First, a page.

As Mark continued to share about the school and its mission, he used what I believe has got to be one of the best quotes of the day. He was talking about the diversity of learning and how Friedman talked about people in their workplace needing to learn how to learn. One way that Urban does this is through trips out to their community where the learning is in place. This “pedagogy of place” was the money quote of the morning as it speaks volumes to their philosophy of learning.

This is Urban’s 8th year as a laptop school. While they were an Apple Distinguished School in 2007-2008, the transition was slow and deliberate. Talk of how this was done at Urban became a recurring theme throughout the day. In essence, they started with their mission and what it means to teach and learn. Otherwise, they started with their broad goals and kept the focus off of the technology. The realization that “digital tools could be powerful to put into student’s hands for teaching and learning” meant that they needed to see how this technology could transform the learning taking it beyond the classroom.

Several items were obvious to the school as they started this journey…

  • Technology provided ways to communicate with each other as well as the world in ways never before possible.
  • The classroom now could extend beyond the classroom walls and even the walls of the school as students and faculty collaborate.
  • The access to information was far greater than any other time in history.

While the school is obviously a technically rich learning environment, the “teach no tech skill before its time or need”. This again was echoed throughout the day as it rapidly became obvious that the focus was not on the technology but on the pedagogy for learning and how technology enhances and improves that experience. In other words, there are not “technology classes”. In fact, it was argued that the students might say there are no “technology projects”. It is not about learning the technology but about allowing the technology to become transparent to the learning process. Thus was born the idea of seamless integration. By de-emphasizing technology, you make technology normal. “Normalize the digital tool, make it natural”.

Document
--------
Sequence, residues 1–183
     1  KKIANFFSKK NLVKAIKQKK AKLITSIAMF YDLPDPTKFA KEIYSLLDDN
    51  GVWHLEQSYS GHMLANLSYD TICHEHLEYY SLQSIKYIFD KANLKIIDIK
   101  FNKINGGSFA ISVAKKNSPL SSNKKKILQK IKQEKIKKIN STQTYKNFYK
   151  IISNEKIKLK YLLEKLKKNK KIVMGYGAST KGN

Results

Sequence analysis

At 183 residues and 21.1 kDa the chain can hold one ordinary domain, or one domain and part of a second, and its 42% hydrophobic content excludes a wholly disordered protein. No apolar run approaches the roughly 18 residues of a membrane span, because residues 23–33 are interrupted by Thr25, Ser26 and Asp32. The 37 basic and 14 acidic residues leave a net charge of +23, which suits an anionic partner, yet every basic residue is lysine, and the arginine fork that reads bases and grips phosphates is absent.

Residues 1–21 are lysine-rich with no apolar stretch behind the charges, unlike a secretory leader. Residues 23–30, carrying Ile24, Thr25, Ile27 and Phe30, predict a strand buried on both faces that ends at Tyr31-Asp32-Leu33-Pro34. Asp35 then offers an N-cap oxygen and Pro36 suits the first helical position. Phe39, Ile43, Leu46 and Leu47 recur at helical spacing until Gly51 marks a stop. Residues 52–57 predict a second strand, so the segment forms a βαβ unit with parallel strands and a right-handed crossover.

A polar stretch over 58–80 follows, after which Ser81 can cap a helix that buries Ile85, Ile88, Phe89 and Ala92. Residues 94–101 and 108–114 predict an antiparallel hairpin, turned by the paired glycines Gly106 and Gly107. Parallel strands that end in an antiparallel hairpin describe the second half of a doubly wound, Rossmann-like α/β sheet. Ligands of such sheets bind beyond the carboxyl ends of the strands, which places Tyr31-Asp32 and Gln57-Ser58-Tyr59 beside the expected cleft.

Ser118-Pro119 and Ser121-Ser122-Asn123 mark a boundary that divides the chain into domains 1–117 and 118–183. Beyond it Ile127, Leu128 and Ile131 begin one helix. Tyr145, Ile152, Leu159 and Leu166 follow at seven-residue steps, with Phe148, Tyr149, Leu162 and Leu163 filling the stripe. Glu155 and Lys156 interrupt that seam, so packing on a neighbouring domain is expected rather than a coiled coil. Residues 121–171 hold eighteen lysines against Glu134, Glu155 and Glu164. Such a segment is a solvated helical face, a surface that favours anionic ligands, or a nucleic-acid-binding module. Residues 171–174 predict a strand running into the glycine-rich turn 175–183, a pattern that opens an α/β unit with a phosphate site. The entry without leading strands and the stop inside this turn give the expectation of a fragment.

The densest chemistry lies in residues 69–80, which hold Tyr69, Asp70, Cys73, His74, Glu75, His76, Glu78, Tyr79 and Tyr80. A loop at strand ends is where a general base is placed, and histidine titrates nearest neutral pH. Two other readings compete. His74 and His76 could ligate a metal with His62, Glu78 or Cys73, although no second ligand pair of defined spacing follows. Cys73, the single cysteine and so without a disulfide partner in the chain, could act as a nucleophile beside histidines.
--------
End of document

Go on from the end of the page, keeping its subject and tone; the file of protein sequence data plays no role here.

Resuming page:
So how do you do this you ask? How do you make this transition? Here are a few items to consider.

The head is the catalyst as the schools public leader (I like this as it implies that there are private or internal leaders as well. Read Seth Godin’s Tribes and you will understand)

  • Relate the changes to benefits and the school mission
  • Get the board onboard
  • Minimize teacher mandates for use early on.
  • Use student/teacher leadership to help move the school forward
  • Establish ad deliberate pace (Pace yourself). Urban tool about 3 years to transition to becoming a laptop school.
  • Minimize concurrent large scale initiatives and allow for the transition to take place.

So with this framework we transitioned to the rest of the morning presentations which will follow.

August 4, 2009 at 4:08 am 1 comment

Live Blogging Day 1 of Integrated Technology Symposium at the Urban School in San Francisco (Starts at 9am PDT)

Live blogging of today’s events will start in a little less than an hour. There will be several sessions throughout the day and I hope you might be able to join us on the live blog for some of these. I will be posting the happenings here, resources, major concepts etc and opening the blog for participation and dialogue to those who log in. All the information you need to access the Live Blog site is posted on the link below. We will be doing this over the next three days and would love to see you here “virtually” if you have a moment to join the journey. This will also be a chance for you to explore another technology that might prove useful in times extended closing (Swine Flu etc) or for regular use when extending your interactive learning experiences beyond the classroom, school, city, state, country. However, you do need to stay within this world (at least at this time).
Live Blogging Information
Symposium Blog

August 3, 2009 at 7:23 am Leave a comment